As protests against the alleged vote-rigging in the June 12, 2009 Iranian presidential election were at their height in Iran and in other countries, the Egyptian weekly Roz Al-Yousef, which is affiliated with Egyptian President Hosni Mubarak's son Gamal Mubarak, devoted a large part of its June 27 issue to articles against the Iranian government. While the articles' authors harshly criticized the Iranian regime, comparing it to Nazism, Fascism, and Al-Qaeda, and questioning its legitimacy, they did not focus specifically on the Iranian presidential election, but rather used them as a pretext to voice anti-Iranian views.
Relations between Iran and Egypt have been strained since the Islamic Revolution in Iran in 1979, with tension intensifying following the December 2008 Gaza war and the April 2009 capture of a Hizbullah cell operating in Egypt.  Accordingly, the articles elaborated on the "rule of the jurisprudent"(velayat-e faqih) in Iran established by the revolution, attempting to refute the official Iranian claim that it was instated via democratic elections expressing the will of the people, and to show that the Iranian clerics' concept of government is incompatible with the principles of democracy.
It seems that in attacking the theocratic state, the authors of the articles were motivated in part by domestic political considerations - they aimed to warn the Egyptian public about the Muslim Brotherhood's intention to form an Islamic state in Egypt, and to undermine the organization's image by presenting it as an ally of Iran. By criticizing Iran, the authors also censured the Iranian lobby in the Egyptian press, which is represented by a group of journalists who are financed by Iran and who serve its interests.
Following are excerpts from the articles in the June 27, 2009 issue of Roz Al-Yousef:
Roz Al-Yousef Editor: Iran's Democracy is Spurious, Its Presidency Insignificant
In an article titled "Dictators in Allah's Name: The Absolute Supreme Leader and the Obedient President," Roz Al-Yousef editor 'Abdallah Kamal wrote: "The situation [in Iran] has reached the point where [an election] was rigged and [people] were shot and killed in the streets. A veritable hell! And yet, they still try to convince us that [the election] was democratic and vital, and that they have brought about a change of government.
"This country [Iran]… is nothing but one big fraud and a vast arena of corruption and conspiracies… No Iranian citizen can run in the elections without the approval of the Supreme Leader and the Guardian Council. He must be 100% loyal to the Revolution, and is expected to believe in it and defend its principles. In other words, before winning the public votes, a candidate must secure the 'sacred vote'…"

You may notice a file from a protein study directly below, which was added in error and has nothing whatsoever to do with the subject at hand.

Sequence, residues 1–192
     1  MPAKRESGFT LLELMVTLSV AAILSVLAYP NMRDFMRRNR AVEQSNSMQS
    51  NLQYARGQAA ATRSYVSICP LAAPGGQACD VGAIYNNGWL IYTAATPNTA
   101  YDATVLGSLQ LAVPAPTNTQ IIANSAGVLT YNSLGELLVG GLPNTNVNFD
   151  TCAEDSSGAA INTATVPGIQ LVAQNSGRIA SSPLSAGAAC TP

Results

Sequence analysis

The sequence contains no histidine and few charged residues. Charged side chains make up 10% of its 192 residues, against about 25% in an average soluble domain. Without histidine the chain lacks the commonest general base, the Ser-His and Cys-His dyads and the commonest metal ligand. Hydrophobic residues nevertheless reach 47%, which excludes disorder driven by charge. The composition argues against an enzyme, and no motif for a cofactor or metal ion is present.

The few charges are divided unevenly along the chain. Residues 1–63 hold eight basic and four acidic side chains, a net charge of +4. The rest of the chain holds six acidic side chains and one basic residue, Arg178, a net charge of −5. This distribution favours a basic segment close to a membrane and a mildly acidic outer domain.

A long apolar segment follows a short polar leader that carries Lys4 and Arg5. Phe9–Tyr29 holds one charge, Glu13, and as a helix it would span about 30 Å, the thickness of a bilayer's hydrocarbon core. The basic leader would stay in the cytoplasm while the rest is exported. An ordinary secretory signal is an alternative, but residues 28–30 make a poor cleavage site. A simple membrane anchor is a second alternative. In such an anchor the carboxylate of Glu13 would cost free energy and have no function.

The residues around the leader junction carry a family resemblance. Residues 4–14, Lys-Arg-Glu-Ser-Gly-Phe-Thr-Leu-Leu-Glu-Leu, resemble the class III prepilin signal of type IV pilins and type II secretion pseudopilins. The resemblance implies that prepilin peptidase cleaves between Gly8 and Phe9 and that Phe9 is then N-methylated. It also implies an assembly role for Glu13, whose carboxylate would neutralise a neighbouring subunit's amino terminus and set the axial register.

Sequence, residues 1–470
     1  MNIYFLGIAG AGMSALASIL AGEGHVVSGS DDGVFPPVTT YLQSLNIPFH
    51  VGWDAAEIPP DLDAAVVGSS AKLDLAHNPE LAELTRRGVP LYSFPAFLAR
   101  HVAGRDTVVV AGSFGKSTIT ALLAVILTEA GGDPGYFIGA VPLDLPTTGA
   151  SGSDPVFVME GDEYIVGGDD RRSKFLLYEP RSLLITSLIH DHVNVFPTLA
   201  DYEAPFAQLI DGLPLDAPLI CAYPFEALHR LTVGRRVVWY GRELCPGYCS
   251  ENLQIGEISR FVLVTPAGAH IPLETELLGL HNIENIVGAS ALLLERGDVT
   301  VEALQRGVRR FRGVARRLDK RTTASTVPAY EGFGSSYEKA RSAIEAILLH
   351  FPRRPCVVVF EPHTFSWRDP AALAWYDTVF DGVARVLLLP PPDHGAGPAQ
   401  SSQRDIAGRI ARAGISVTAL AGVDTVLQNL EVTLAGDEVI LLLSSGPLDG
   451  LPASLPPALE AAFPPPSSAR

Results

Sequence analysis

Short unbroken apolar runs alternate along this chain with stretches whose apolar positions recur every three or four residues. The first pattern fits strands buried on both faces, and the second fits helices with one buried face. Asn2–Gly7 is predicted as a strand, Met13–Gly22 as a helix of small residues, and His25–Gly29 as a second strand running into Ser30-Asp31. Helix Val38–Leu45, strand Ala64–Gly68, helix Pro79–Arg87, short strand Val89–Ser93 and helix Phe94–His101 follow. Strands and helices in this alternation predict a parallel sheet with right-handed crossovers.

Kamal wrote that Iran's elections are a mere show, and thus are worthless: "Putting aside for the present the game of presidential elections, which serve only to entertain the people… whose vote has no bearing on the nature of the state, the revolutionary regime has for the past 30 years been run by three people: the late [founder of the Islamic Revolution Ayatollah Ruhollah] Khomeini, [Expediency Council chairman and former Iranian president Ali Akbar Hashemi] Rafsanjani, and [Iranian Supreme Leader Ali] Khamenei…"
Kamal then launched a personal attack on Iranian President Mahmoud Ahmadinejad, and dismissed the presidency as unimportant. He wrote: "The president of the Iranian regime is not president as the term is understood in Egypt, the U.S., or France - regimes in which the president is elected. The truth is that [in Iran,] the absolute ruler with the widest-ranging authority is the [supreme] guide, i.e. the supreme revolutionary leader, who is elected not by the people but by the Assembly of Experts…
"[Iran's] president is of barely any significance in this regime - he merely oversees the implementation of policies and functions as a high-ranking spokesman, or, if we want to be more charitable, as the head of the government - while according to the Article 57 of the constitution, all authority is in the hands of the supreme leader, who is termed 'the absolute ruler and the nation's imam.'"
Iran's Regime is Dictatorial and Tyrannical
Another article, titled "Religious State - Political Lie" includes an interview with several Egyptian intellectuals focusing on Iran, conducted by journalist Asmaa Nassar. In it, Al-Tagammu' party leader Dr. Rif'at Al-Sayyed stated: "The real problem is that [Iran] has only one source of authority, which is not the constitution, nor the law, nor yet the majority opinion. Rather, it is the 'rule of the jurisprudent,' [representing] the religious outlook of the religious state's founding fathers, which honors neither the constitution nor democracy."
In another of the articles, political Islam researcher Isma'il Hosni drawing a parallel between the regime of the Iranian ayatollahs and dictatorship, claiming that the common denominator in a theocracy's sources of authority and in a dictatorship is tyranny. He wrote: "Both [types of regime claim] to possess the absolute truth, and let not a single day pass without [exercising] tyranny or depriving others of the freedom to express their opinions…"